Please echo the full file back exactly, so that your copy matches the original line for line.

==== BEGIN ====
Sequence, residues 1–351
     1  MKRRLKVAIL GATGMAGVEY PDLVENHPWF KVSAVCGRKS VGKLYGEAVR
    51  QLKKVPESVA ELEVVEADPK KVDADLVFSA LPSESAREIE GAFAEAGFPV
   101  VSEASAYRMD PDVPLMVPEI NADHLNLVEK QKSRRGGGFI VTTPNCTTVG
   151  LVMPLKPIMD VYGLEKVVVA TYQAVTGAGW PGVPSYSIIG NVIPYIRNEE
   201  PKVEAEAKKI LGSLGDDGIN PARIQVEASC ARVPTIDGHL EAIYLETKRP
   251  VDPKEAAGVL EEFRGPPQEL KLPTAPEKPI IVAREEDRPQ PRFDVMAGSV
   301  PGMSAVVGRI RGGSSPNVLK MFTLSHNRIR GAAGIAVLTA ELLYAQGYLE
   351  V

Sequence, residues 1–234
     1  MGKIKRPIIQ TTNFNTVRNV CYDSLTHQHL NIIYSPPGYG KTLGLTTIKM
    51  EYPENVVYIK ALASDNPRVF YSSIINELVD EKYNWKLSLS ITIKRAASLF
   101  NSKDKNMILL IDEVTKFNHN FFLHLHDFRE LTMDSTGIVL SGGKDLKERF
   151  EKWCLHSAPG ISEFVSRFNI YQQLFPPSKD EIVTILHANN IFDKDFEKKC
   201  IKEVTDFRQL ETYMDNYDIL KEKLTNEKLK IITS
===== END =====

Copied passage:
Sequence, residues 1–351
     1  MKRRLKVAIL GATGMAGVEY PDLVENHPWF KVSAVCGRKS VGKLYGEAVR
    51  QLKKVPESVA ELEVVEADPK KVDADLVFSA LPSESAREIE GAFAEAGFPV
   101  VSEASAYRMD PDVPLMVPEI NADHLNLVEK QKSRRGGGFI VTTPNCTTVG
   151  LVMPLKPIMD VYGLEKVVVA TYQAVTGAGW PGVPSYSIIG NVIPYIRNEE
   201  PKVEAEAKKI LGSLGDDGIN PARIQVEASC ARVPTIDGHL EAIYLETKRP
   251  VDPKEAAGVL EEFRGPPQEL KLPTAPEKPI IVAREEDRPQ PRFDVMAGSV
   301  PGMSAVVGRI RGGSSPNVLK MFTLSHNRIR GAAGIAVLTA ELLYAQGYLE
   351  V

Sequence, residues 1–234
     1  MGKIKRPIIQ TTNFNTVRNV CYDSLTHQHL NIIYSPPGYG KTLGLTTIKM
    51  EYPENVVYIK ALASDNPRVF YSSIINELVD EKYNWKLSLS ITIKRAASLF
   101  NSKDKNMILL IDEVTKFNHN FFLHLHDFRE LTMDSTGIVL SGGKDLKERF
   151  EKWCLHSAPG ISEFVSRFNI YQQLFPPSKD EIVTILHANN IFDKDFEKKC
   201  IKEVTDFRQL ETYMDNYDIL KEKLTNEKLK IITS